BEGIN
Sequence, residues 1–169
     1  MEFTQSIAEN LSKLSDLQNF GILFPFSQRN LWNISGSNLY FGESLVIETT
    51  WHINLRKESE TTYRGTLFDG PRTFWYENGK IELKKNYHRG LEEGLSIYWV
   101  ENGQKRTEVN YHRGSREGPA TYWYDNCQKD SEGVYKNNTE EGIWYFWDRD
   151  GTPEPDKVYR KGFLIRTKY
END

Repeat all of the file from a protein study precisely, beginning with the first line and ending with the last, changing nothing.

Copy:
Sequence, residues 1–169
     1  MEFTQSIAEN LSKLSDLQNF GILFPFSQRN LWNISGSNLY FGESLVIETT
    51  WHINLRKESE TTYRGTLFDG PRTFWYENGK IELKKNYHRG LEEGLSIYWV
   101  ENGQKRTEVN YHRGSREGPA TYWYDNCQKD SEGVYKNNTE EGIWYFWDRD
   151  GTPEPDKVYR KGFLIRTKY